James Patterson and Emily Raymond
Little, Brown and Company, 2013
Audience: Older Teens
An extraordinary portrait of true love that will move anyone who has a first love story of their own. Axi Moore is a "good girl": She studies hard, stays out of the spotlight, and doesn't tell anyone how all she really wants is to run away from it all. The only person she can tell is her best friend, Robinson--who she also happens to be madly in love with.
When Axi spontaneously invites Robinson to come with her on an impulsive cross-country road trip, she breaks the rules for the first time in her life. But the adventure quickly turns from carefree to out of control after the teens find themselves on the run from the police. And when Robinson suddenly collapses, Axi has to face the truth that this trip might be his last.
Ugh, First Love was terrible. Honestly, I never would have chosen to read it in the first place. However, it was chosen for book club, and the leader of the book club left, so I needed to fill in for her. To me, it seemed like someone told James Patterson, “Write something for people who liked The Fault in Our Stars,” and the result was a watered-down ripoff of John Green’s book. Both books have travel, cancer and a young couple. However, the trip in First Love was super unrealistic. I was waiting for Axi to reveal that it was all a story that she was writing for Robinson, or a dream, or something. (For the record, this trip involves many illegal activities, including but not limited to truancy, stealing vehicles, hitchhiking and assaulting an officer.) Halfway through the trip, Robinson becomes deathly ill, so the characters change their plans and head to Robinson’s home town. (He was living in Axi’s town for treatment, and he convinced his parents to LEAVE HIM THERE. When he was incredibly ILL WITH CANCER. I don’t believe that would happen for a second.) I thought this would be a tearjerker (I cried through basically all of The Fault in Our Stars, but it was so ridiculous that I just skimmed the rest of the book and did not shed one tear.)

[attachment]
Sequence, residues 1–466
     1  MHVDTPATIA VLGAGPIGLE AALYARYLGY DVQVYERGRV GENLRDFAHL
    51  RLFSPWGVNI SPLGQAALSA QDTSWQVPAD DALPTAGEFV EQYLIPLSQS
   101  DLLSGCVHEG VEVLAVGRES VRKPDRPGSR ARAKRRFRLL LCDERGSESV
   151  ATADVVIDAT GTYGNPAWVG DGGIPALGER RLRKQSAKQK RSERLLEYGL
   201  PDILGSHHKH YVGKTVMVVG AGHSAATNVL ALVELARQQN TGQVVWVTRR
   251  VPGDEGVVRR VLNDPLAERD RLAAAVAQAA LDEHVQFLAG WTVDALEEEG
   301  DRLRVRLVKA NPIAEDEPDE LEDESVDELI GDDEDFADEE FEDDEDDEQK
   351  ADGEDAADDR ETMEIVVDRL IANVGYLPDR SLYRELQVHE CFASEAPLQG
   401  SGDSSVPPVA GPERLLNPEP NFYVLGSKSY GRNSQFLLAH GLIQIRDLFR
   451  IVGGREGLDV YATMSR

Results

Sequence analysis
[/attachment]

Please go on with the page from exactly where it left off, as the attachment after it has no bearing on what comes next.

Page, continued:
Overall, it should be good for discussion, because the less a group likes a book, the better the discussion usually is. Some people might like First Love, but it definitely was not my cup of tea.